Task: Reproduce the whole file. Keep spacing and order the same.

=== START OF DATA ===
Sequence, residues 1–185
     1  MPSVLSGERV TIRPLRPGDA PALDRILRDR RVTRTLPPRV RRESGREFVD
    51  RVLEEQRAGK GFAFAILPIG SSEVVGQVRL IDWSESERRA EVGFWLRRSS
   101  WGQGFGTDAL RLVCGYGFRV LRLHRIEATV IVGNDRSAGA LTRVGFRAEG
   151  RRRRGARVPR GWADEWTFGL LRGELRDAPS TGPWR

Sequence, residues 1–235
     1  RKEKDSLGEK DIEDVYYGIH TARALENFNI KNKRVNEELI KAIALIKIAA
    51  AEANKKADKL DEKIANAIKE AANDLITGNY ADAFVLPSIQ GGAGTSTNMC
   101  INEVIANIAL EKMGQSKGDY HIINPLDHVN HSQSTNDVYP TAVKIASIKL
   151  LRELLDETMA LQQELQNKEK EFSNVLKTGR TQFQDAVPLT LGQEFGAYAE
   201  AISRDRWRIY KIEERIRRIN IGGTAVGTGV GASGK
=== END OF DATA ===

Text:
Sequence, residues 1–185
     1  MPSVLSGERV TIRPLRPGDA PALDRILRDR RVTRTLPPRV RRESGREFVD
    51  RVLEEQRAGK GFAFAILPIG SSEVVGQVRL IDWSESERRA EVGFWLRRSS
   101  WGQGFGTDAL RLVCGYGFRV LRLHRIEATV IVGNDRSAGA LTRVGFRAEG
   151  RRRRGARVPR GWADEWTFGL LRGELRDAPS TGPWR

Sequence, residues 1–235
     1  RKEKDSLGEK DIEDVYYGIH TARALENFNI KNKRVNEELI KAIALIKIAA
    51  AEANKKADKL DEKIANAIKE AANDLITGNY ADAFVLPSIQ GGAGTSTNMC
   101  INEVIANIAL EKMGQSKGDY HIINPLDHVN HSQSTNDVYP TAVKIASIKL
   151  LRELLDETMA LQQELQNKEK EFSNVLKTGR TQFQDAVPLT LGQEFGAYAE
   201  AISRDRWRIY KIEERIRRIN IGGTAVGTGV GASGK